Wieland’s pranks had been solely half of his attraction. He was modern on the staff’s broadcast, got here up with the staff’s mascot, Sabretooth, who continues to be round in the present day and is the motive the Sabres sing the Canadian and United States Nationwide anthems earlier than video games. His impression on the franchise was sufficient for Boutet to push for Wieland’s induction into the Higher Buffalo Sports activities Corridor of Fame this fall.

The NHL wasn’t as enamored with Wieland’s jokes. Then-NHL president Clarence Campbell fell for the plastic ice joke when, based on Wieland’s guide, he was quoted by the Canadian Press supporting the Sabres’ try to hold the league on the leading edge of expertise. So it’s no shock Campbell didn’t have a lot of persistence for the Taro Tsujimoto joke as soon as the league caught wind of it. The Tsujimoto choose was finally faraway from the official report and the choose entry is now simply invalid.

However that didn’t cease the legend from residing on in Buffalo. There have been bumper stickers and buying and selling playing cards. Some followers would present as much as The Buffalo Memorial Auditorium with large indicators that mentioned, “Taro says …” with totally different endings for every sport.

“I used to read them all the time because they were clever,” Gare says.

Wieland used to say that his quirky jokes had been a approach to put a small market staff on the map and showcase the metropolis and franchise’s sense of humor. In a larger market like Toronto, New York or Montreal, Boutet doesn’t suppose one thing like the Tsujimoto prank would have taken off in the similar manner.

“Buffalo people are different,” Boutet says. “We get it. We’re OK to laugh at each other. This was the perfect town to do it in.”

Paul Tsujimoto says he first instructed his son Josh — who is called after his grandfather — about the legend of Taro when he was about 8 years previous.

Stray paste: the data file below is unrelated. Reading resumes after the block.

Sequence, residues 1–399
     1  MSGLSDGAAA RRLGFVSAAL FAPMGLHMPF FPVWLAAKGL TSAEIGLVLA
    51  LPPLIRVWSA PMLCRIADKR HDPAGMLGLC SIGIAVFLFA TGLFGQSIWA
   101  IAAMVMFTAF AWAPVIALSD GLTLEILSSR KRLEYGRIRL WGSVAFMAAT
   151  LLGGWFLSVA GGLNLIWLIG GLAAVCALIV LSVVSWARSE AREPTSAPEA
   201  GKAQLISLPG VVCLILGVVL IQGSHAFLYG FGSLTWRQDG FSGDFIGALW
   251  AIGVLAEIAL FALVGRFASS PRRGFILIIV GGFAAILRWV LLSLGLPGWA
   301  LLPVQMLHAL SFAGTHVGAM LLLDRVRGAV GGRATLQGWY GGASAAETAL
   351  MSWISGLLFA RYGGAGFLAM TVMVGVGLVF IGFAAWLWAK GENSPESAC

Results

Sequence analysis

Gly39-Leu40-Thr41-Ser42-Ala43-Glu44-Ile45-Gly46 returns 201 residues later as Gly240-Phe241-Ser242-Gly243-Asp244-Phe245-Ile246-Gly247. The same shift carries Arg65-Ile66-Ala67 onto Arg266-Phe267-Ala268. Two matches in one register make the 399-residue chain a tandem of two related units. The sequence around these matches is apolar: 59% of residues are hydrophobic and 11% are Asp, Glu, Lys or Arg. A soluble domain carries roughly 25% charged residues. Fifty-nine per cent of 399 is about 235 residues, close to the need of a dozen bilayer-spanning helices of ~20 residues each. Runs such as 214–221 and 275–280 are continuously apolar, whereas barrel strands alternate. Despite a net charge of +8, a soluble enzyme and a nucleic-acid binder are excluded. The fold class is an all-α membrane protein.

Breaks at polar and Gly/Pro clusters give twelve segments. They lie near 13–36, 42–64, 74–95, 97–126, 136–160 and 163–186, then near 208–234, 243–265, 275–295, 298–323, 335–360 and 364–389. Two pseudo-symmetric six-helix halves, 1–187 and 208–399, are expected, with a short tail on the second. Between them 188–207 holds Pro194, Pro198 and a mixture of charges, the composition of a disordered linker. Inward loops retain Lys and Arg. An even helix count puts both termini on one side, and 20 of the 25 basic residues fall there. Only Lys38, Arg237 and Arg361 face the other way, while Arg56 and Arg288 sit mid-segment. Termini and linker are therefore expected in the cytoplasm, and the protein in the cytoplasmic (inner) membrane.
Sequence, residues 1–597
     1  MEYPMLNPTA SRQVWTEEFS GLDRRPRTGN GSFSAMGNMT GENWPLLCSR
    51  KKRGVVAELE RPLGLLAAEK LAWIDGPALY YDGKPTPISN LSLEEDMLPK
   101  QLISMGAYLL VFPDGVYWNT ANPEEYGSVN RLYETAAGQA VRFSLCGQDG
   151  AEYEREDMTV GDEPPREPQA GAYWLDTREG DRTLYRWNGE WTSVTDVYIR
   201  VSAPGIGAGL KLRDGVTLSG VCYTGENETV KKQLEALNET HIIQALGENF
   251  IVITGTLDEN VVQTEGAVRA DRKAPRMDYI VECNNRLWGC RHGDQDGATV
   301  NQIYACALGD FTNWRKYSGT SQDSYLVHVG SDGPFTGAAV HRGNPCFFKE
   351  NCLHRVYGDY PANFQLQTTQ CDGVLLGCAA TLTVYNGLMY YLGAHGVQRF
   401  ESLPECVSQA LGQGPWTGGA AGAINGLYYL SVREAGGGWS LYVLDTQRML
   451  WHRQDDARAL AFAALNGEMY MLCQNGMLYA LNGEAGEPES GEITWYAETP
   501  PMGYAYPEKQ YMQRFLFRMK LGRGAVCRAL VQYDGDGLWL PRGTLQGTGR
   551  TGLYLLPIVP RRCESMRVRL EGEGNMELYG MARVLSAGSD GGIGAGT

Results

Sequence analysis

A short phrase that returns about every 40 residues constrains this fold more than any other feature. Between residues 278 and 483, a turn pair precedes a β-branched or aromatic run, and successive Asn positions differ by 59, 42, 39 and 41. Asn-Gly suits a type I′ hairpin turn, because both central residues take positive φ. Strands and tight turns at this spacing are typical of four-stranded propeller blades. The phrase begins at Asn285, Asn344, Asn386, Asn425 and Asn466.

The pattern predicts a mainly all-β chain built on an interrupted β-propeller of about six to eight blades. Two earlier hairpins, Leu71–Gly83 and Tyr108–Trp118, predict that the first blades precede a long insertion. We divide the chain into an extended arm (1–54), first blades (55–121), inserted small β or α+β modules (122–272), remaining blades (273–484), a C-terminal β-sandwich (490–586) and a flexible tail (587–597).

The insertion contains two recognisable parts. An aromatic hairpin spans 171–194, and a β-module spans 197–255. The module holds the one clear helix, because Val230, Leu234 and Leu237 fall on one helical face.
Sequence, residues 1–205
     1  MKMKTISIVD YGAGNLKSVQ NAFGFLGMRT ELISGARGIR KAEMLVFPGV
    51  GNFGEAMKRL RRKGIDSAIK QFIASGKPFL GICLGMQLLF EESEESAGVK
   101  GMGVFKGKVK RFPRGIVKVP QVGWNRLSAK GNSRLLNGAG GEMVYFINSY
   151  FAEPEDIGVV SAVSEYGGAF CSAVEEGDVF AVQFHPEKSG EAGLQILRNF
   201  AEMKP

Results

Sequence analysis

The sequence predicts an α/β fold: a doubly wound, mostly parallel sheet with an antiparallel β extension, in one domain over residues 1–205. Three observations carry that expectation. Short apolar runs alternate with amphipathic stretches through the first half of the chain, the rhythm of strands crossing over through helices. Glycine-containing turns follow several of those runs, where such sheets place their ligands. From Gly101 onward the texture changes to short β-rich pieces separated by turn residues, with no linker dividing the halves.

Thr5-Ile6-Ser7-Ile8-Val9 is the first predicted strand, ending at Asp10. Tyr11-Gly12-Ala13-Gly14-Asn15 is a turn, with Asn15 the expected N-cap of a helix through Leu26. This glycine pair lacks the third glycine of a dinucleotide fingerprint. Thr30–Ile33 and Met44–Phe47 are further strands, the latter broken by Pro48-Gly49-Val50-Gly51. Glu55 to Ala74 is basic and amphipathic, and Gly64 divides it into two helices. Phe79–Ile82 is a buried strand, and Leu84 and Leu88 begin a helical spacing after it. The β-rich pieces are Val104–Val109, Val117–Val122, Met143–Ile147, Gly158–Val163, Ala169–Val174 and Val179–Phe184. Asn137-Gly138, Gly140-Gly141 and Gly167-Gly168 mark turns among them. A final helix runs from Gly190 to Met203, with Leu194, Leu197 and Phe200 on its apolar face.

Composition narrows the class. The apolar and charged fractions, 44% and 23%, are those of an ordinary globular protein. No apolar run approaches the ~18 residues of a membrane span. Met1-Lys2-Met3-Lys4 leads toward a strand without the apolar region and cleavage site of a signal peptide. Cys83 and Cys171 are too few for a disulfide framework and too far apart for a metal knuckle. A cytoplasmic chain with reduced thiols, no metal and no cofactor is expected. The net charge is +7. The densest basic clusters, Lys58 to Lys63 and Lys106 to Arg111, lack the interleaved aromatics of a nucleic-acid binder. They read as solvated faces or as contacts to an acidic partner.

“It was an inside joke with the family for as long as I can remember,” says Josh. “I remember my dad bringing it up when I was little. I didn’t realize how many people knew about this until I got older.”

Paul owns one Taro Tsujimoto rookie card that was gifted to him by a former employer who was capable of observe one down.


The legend of Taro Tsujimoto isn’t simply a household story shared by the Tsujimoto household. It’s an inside joke that has been stored alive by Sabres followers for 50 years. (Photograph courtesy of Josh Tsujimoto)

In 2011, the Panini buying and selling card firm determined to print a small run of Taro Tsujimoto rookie playing cards as half of their 2010-11 rookie set. The card lists Tsujimoto’s alleged birthdate — March 15, 1953 — and posts his peak (5 ft 9) and weight (165 kilos).

The again of the card featured a brief biography that leaned into Tsujimoto’s curious backstory:

“In Buffalo, it’s not Where Have You Gone, Joe DiMaggio? It’s Where Have You Been, Taro Tsujimoto? The first Japanese player ever selected in the NHL Draft, the Sabres tabbed the mysterious prospect in the 11th round back in 1974. The Canadiens, who had hoped to steal him later in the draft, were rumored to have worked out a deal for the diminutive center that would have sent Jacques Lemaire to Buffalo. Instead, the Sabres held on to his rights and continue to anticipate his arrival. To this day, whispers of his exploits with the Tokyo Katanas stir up the fans at the HSBC Arena, where the faithful often are heard to chant ‘We Want Taro!’”

Panini acquired the approval of each the NHL and NHL Gamers’ Affiliation to provide that Tsujimoto card. An NHLPA staffer even assisted Panini in monitoring down an era-appropriate picture to make use of on the entrance of the card. However as for the identification of the man posing as Taro Tsujimoto on that buying and selling card, no person appears to know precisely who it’s.

“I have no idea who that guy is on the card,” says Paul with a chortle.

One Tsujimoto card was positioned in each 20 bins of that run, making it an elusive card to acquire. The rarity of that card is the excellent reflection of the thriller round Taro Tsujimoto that has endured for 50 years. And it was all courtesy of the artistic thoughts of Wieland.

“He created a folk hero is what he did,” says Gare. “It’s crazy that it still has legs 50 years later.”

“It’s pretty neat. As time goes on, the younger fans don’t know about it, but the story persists,” provides Josh. “And I like that the story continues on. It’s a fun way to remember my grandpa and Mr. Wieland.”

(Illustration: Dan Goldfarb / The Athletic. Photograph: Derek Cain / Getty Photographs)